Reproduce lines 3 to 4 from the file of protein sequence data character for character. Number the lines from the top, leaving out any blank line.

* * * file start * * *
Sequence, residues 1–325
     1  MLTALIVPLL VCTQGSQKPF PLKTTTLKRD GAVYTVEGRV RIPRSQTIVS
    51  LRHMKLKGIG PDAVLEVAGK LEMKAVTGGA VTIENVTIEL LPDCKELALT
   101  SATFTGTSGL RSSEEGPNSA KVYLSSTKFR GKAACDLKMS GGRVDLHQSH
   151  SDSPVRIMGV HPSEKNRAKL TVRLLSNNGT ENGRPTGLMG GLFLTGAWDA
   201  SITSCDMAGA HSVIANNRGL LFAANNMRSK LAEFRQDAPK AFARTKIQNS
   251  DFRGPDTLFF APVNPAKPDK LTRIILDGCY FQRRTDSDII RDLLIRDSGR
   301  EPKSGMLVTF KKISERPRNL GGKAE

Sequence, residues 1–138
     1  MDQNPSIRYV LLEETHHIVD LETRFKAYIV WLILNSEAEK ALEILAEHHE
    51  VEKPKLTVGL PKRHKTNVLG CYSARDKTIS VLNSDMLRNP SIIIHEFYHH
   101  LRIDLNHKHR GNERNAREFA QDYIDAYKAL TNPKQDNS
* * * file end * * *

    51  LRHMKLKGIG PDAVLEVAGK LEMKAVTGGA VTIENVTIEL LPDCKELALT
   101  SATFTGTSGL RSSEEGPNSA KVYLSSTKFR GKAACDLKMS GGRVDLHQSH